With deception and false flags increasingly being employed by threat actors, attribution is a hard and complicated task that requires solid evidence, especially in complex regions such as the Middle East.
See the following for more information and examples of false flags being used in cyberattacks:
The malware was first seen packed with VMProtect; when unpacked the sample didn’t show any similarities with previously known malware. All the strings and settings were encrypted and obfuscated. Functionality was identified that enables HTTP communication with the C&C server and invokes “processcreate” based on parameters received as a response.
The configuration and strings are encrypted using 3DES and Base64 encoding. Data sent to the C&C server is also encrypted using 3DES and Base64. Different keys are used for local and network encryption.
The malware starts communicating with the C&C server by sending basic information about the infected machine. The C&C server then replies with the encrypted serialized configuration.
The malware basically provides a remote CMD/PowerShell terminal for the attackers, enabling them to execute scripts/commands and receive the results via HTTP requests.
Examples of attack decoys
What should high-profile organizations do?
High-profile organizations should have elevated levels of cybersecurity. Attacks against them are inevitable and are unlikely to ever cease. These organizations need to pay particular attention to their security, implementing additional measures to ensure they are well protected. Anti-targeted attack solutions, threat intelligence capabilities and data flows, default-deny application lockdown, endpoint detection and response, data leak and insider threat prevention, and even isolated/air-gapped networks should form the basis of any strategy for protecting organizations in the current threat landscape.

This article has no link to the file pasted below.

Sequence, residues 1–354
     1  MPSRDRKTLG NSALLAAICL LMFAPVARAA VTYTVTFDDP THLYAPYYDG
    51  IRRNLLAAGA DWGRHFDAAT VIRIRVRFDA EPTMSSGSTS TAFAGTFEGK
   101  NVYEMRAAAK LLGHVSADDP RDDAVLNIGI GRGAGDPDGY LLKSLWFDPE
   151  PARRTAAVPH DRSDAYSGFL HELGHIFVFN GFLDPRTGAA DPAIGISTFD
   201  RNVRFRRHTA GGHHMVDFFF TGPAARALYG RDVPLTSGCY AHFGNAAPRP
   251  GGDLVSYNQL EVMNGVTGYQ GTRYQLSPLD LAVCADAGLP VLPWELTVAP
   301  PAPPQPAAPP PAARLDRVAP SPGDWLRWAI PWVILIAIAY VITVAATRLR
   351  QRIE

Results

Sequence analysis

The victims of Operation Parliament need to re-evaluate their approach to cybersecurity.
For more information about the attacks and the indicators of compromise, please contact: firstname.lastname@example.org
Alternatively, please visit: https://www.kaspersky.com/enterprise-security/apt-intelligence-reporting
To find more information about cybersecurity awareness training for enterprise or government staff, go to Kaspersky Security Awareness.